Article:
“All the research shows that the more diversity you have around a table in a room, decision-making, the better your decisions are going to be, the more creative ideas you’re going to have, the better products and services you’re going to have,” she said. “But it also helps to pave the way, because there’s a lot to be said for if you can see it, you can be it. You know, so if you don’t ever see women in elected office, you might — as a young girl — not think that that’s a possibility.”
To help increase diversity and train young leaders, Leadership Fort Worth has Leading Edge, a program to develop leadership skills in young professionals.
The sixth-month program helps people who have not served on a board or commission yet, but still want to get involved in their community learn valuable skills and connections, Treviño said. The Fort Worth Hispanic Chamber of Commerce and Fort Worth Metropolitan Black Chamber of Commerce have similar programs to develop leadership skills in young members.
Top characteristics for community leadership
Leadership Fort Worth outlines leadership traits it teaches in its program Leading Edge, which is specifically for emerging leaders. Those are:
- Model the way
- Inspire a shared vision
- Challenge the process
- Enable others to act
- Encourage the heart
Trevino also said some of the characteristics of leaders across their programs are:
- Critically engaged
- Adult learners
- Decision makers
“I don’t think anybody would disagree that now more than ever we need leadership at all levels,” she said. “Everywhere from our grassroots organizations all the way to the corporate boardrooms downtown type of thing … and we need those diverse voices and unique perspectives at the table and so we’re trying to make sure that we get an opportunity for that as well.”
In some ways, Treviño said, Fort Worth is seeing new leadership in people coming to the city versus generational leadership among people born and raised in the city.
“It’s a blend. You know you still see some of the, what you might call Old Guard supporters that are pushing forward candidates,” she said. But there also are younger leaders, such as Mayor Parker or members of the City Council.
For the city to complete the next monumental project like Dickies Arena, Parker said, there are a few ways it can be accomplished without relying as much on the Old Guard.
Parker sees philanthropic support of Fort Worth remaining strong, but adds that corporate stewardship will be an increasingly important source of leadership and funding. To lay the groundwork for more success, she said, the city needs to focus on adequately planning infrastructure, preparing students for the workforce, and making its diverse population a strength.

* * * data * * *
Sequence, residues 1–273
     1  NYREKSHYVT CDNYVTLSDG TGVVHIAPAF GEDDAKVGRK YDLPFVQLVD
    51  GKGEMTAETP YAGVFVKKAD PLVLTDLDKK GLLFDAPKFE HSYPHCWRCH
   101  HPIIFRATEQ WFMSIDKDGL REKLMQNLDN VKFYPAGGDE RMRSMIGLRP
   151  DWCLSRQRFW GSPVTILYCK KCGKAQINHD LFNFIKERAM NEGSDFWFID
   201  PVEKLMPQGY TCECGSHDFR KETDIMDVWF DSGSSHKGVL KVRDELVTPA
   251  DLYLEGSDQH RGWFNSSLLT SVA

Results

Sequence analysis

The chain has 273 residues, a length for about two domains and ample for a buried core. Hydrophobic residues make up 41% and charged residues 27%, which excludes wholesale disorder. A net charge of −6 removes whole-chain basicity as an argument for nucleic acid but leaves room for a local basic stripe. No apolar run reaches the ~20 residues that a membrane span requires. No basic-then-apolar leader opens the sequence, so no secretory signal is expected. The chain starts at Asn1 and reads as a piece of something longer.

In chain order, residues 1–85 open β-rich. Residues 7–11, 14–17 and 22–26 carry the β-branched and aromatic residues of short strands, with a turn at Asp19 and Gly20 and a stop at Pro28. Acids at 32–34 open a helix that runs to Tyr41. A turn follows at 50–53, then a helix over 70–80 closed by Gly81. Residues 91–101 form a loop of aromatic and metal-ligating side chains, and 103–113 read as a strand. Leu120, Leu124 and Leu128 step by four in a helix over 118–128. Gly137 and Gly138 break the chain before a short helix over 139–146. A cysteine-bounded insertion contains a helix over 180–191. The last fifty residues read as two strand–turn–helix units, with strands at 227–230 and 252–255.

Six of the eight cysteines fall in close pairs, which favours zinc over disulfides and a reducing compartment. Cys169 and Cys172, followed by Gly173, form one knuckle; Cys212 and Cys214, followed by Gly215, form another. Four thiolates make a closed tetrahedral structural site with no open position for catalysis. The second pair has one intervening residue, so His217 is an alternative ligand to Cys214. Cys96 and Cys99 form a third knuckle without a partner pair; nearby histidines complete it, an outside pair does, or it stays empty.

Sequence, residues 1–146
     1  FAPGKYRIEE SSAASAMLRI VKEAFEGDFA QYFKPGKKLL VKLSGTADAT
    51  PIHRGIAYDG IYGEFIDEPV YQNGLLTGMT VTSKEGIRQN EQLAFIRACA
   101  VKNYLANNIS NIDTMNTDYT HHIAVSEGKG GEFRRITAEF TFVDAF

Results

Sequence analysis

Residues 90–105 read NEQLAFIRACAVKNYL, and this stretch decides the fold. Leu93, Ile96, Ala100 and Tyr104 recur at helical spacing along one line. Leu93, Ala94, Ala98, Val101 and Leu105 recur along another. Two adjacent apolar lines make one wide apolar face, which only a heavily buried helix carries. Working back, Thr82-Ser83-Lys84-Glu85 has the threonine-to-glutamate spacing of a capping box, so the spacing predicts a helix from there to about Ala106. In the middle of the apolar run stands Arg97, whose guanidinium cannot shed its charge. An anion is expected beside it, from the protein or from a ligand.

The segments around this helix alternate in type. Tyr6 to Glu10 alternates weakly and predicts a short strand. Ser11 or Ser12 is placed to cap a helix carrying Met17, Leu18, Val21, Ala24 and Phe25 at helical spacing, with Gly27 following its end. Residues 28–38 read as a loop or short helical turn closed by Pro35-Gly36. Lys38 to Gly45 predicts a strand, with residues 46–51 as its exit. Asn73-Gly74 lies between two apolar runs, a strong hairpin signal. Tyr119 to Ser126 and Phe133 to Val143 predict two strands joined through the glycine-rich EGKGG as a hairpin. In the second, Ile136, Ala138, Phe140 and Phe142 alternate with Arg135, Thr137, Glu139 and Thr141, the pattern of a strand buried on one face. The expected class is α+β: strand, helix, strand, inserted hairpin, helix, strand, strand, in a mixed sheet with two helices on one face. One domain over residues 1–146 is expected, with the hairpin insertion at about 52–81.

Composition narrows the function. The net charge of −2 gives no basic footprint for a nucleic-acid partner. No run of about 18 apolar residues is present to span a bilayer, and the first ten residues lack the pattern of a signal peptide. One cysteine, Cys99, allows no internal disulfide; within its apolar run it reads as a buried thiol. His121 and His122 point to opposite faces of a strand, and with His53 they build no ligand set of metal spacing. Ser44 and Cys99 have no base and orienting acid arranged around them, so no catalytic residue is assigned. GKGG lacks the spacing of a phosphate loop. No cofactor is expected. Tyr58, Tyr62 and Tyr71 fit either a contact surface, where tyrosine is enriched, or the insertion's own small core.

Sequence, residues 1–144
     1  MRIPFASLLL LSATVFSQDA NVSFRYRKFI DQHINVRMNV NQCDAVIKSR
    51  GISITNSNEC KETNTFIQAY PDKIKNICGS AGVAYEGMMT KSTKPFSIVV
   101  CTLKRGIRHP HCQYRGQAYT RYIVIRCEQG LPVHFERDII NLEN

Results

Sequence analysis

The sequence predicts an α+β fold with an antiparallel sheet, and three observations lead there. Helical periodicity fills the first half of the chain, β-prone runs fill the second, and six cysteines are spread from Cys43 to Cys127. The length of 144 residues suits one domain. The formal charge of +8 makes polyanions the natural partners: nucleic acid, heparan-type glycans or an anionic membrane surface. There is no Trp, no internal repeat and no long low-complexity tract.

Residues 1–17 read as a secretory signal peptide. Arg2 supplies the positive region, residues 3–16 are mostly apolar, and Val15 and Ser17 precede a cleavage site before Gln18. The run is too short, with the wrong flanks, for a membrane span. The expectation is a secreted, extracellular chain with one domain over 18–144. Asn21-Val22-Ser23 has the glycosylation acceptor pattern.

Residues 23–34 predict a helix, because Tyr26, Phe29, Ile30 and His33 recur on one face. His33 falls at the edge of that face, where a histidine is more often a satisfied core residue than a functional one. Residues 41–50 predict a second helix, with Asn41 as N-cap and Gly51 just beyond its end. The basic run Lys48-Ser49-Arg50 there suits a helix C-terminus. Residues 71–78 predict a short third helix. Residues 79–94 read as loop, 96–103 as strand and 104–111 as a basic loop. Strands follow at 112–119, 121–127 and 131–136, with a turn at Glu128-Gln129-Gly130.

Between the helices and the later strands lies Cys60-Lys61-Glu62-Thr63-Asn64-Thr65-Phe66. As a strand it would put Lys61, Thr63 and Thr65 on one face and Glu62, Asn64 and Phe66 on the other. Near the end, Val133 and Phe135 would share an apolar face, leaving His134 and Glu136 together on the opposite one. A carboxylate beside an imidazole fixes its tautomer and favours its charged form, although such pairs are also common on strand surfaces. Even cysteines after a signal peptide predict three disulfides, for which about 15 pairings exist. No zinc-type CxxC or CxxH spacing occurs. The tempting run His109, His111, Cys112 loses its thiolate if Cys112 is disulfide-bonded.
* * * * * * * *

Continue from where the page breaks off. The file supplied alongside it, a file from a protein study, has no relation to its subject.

With Fort Worth on a growth curve to become one of the country’s 10 biggest cities, it is no longer possible for a select few people to make decisions, she said.
“The decisions are decentralized, in a lot of ways, and more people are helping push the community in new directions,” Parker said. “So, I think we’re in a very healthy place. And I’m focused on the positive there and making sure we’re providing transparency in the decisions we do make.”
Solutions for future projects
Mayor Mattie Parker outlined what she sees as solutions to help Fort Worth afford future projects that would have an impact similar to Dickies Arena.
- Private investors: Parker said continuing a relationship with private investors should be part of the next generation of leaders in Fort Worth.
- Philanthropic and foundation organizations: Fort Worth has a “robust and involved” philanthropic community, Parker said. As young business leaders emerge, so will even more philanthropy.
- Corporate stewardship: There are several corporations in Fort Worth, Parker said, and she believes they always will be some of the top contributors to major causes in the city.
The Sid W. Richardson Foundation is a financial supporter of the Fort Worth Report. At the Fort Worth Report, news decisions are made independently of our board members and financial supporters. Read more about our editorial independence policy here.
The story was updated to correct the total cost of Dickies Arena. Also, Rose Bradshaw’s quotes and the history of the Dickies Arena project were edited for clarity.
Kristen Barton is an enterprise reporter for the Fort Worth Report. Contact her at firstname.lastname@example.org. At the Fort Worth Report, news decisions are made independently of our board members and financial supporters. Read more about our editorial independence policy here.